Circadian rhythms are cyclic biological changes involving the physical, mental, and behavioral fucntioning of an organism, following a cycle of approximately 24-25 hours. Their main regulator is light and darkness in the environment. They are surprisingly ubiquitous, being present in humans, animals, plants, insects, and even microbes. Their study comprises the field of chronobiology.
Circadian rhythms owe their regularity and occurrence to the intrinsic biological clocks operating within many organs of the body, including the brain. These clocks are groups of sensitive molecular groupings within specialized cells throughout the body, and all the clocks are regulated by one master clock within the hypothalamic region of the brain.
Within the hypothalamic region, this master clock is located in the suprachiasmatic nucleus (SCN), containing approximately 20 000 neurons. It receives light-induced impulses from the intrinsic photosensitive retinal ganglion cells (ipRGCs) which are special photoreceptors not capable of forming an image but are able to perceive the presence of light.
Circadian rhythms and individual variation
Circadian rhythms vary between individuals because of the inherent genetic variation between organisms. Each individual is also influenced by cues from the environment, the main signal or zeitgeber being light. Such cues switch specific genes on or off to reset the biological clocks.
Circadian rhythms and physiological functions
Circadian rhythms have significant effects on the timing and duration of several physiological functions including alertness, vital functions such as the heartbeat and blood pressure, body temperature, hormone secretion patterns, and sleep. Their dysregulation can cause insomnia and other sleep disorders. Disruption of these rhythms has also been linked to several metabolic disorders such as diabetes and obesity, as well as psychiatric illnesses including depression, bipolar disorder, and seasonal affective depression.
Artificial light at night, especially when inappropriately timed in relation to the biological clock, can lead to severe disturbances of the biological rhythms. This inevitably impairs normal physiology, which is geared towards preparing for biologically dictated changes in the physical environment and in activity (such as hiding from predators during the night, and working by day).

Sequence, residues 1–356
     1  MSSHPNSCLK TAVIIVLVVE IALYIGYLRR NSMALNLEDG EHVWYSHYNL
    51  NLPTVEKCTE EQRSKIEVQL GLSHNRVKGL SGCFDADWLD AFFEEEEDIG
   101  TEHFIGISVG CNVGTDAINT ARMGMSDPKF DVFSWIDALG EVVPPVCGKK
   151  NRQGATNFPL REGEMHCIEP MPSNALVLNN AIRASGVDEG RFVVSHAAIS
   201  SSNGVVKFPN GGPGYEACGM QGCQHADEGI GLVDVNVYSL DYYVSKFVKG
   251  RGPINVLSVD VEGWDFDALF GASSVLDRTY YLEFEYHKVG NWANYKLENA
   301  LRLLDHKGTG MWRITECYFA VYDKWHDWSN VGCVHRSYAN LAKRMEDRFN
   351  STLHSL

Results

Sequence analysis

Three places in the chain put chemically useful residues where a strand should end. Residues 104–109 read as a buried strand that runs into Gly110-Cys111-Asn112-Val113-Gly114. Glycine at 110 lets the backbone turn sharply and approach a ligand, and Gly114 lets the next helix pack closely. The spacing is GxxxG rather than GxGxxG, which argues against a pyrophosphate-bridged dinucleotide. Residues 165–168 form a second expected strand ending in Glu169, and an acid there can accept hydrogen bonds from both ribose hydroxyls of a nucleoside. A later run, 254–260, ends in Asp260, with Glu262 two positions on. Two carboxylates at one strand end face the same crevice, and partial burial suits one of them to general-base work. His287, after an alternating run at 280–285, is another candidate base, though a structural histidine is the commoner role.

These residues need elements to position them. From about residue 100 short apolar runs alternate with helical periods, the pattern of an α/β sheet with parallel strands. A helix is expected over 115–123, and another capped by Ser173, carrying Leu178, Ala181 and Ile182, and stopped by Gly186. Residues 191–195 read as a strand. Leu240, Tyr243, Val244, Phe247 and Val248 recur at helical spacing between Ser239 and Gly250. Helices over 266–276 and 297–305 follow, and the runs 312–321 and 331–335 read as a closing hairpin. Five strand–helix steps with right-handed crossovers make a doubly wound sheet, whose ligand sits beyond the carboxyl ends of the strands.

This internal timekeeping activity also ensures that bodily processes occur in synchrony with the calls on them at various times, such as being alert when activity is expected and winding down when sleep is required. Dys-synchrony between the external and internal environment is associated with immediate or long-term adverse effects on the organism’s health and well-being.
Sleep length, timing, and circadian rhythms
Sleep has been particularly well studied in relation to the circadian rhythms. The SCN secretes melatonin in a specific pattern in response to environmental light. The night causes melatonin production to rise, which triggers the onset of sleepiness.
The sleep-wake schedule differs between individuals, and is most obvious in relation to morning or evening alertness. Some people are morning type individuals (or ‘larks’), and wake early, peak early, but wind down relatively early in the night. Others (the ‘night owls’) wake only by late morning or mid-day, but have peak productivity in the evening or at night and sleep late. This tendency is manifested as early as the first years of school.
The core temperature drop that precedes sleep is different in these two types, as is the rhythm of melatonin secretion. This suggests that the biological rhythms are also fundamentally different in phase between the types, though social needs may impose a superficial similarity on their behavior with regard to sleep timing.
In other words, morning type people may actually go to sleep after the time suggested by their circadian temperature drop, to conform to social convention. It is significant that later research showed a greater difference between these chronotypes with respect to peak and trough alertness, varying from four to six hours.
It has been suggested that a circadian rhythm of less than 24 hours predisposes one to the morning chronotype while a longer-than-24-hours clock may make for the ‘night owl’ chronotype. In addition to genetics, the daily routine, age, and other health conditions, may all contribute to the chronotype.
Reviewed by Afsaneh Khetrapal BSc (Hons)